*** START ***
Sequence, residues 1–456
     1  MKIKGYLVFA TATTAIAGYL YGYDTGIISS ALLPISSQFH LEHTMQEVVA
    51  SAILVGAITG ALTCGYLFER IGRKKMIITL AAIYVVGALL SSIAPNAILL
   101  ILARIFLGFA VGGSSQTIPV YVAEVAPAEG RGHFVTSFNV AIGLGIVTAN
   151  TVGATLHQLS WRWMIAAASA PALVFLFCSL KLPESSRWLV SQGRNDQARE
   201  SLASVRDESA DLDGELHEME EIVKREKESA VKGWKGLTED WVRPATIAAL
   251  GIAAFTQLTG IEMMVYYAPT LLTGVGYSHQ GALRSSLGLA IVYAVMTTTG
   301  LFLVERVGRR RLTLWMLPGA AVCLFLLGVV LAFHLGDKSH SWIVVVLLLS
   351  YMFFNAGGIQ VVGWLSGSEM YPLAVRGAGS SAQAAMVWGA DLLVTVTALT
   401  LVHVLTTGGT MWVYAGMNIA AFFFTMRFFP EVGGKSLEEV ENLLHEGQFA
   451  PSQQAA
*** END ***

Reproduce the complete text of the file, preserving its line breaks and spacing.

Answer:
Sequence, residues 1–456
     1  MKIKGYLVFA TATTAIAGYL YGYDTGIISS ALLPISSQFH LEHTMQEVVA
    51  SAILVGAITG ALTCGYLFER IGRKKMIITL AAIYVVGALL SSIAPNAILL
   101  ILARIFLGFA VGGSSQTIPV YVAEVAPAEG RGHFVTSFNV AIGLGIVTAN
   151  TVGATLHQLS WRWMIAAASA PALVFLFCSL KLPESSRWLV SQGRNDQARE
   201  SLASVRDESA DLDGELHEME EIVKREKESA VKGWKGLTED WVRPATIAAL
   251  GIAAFTQLTG IEMMVYYAPT LLTGVGYSHQ GALRSSLGLA IVYAVMTTTG
   301  LFLVERVGRR RLTLWMLPGA AVCLFLLGVV LAFHLGDKSH SWIVVVLLLS
   351  YMFFNAGGIQ VVGWLSGSEM YPLAVRGAGS SAQAAMVWGA DLLVTVTALT
   401  LVHVLTTGGT MWVYAGMNIA AFFFTMRFFP EVGGKSLEEV ENLLHEGQFA
   451  PSQQAA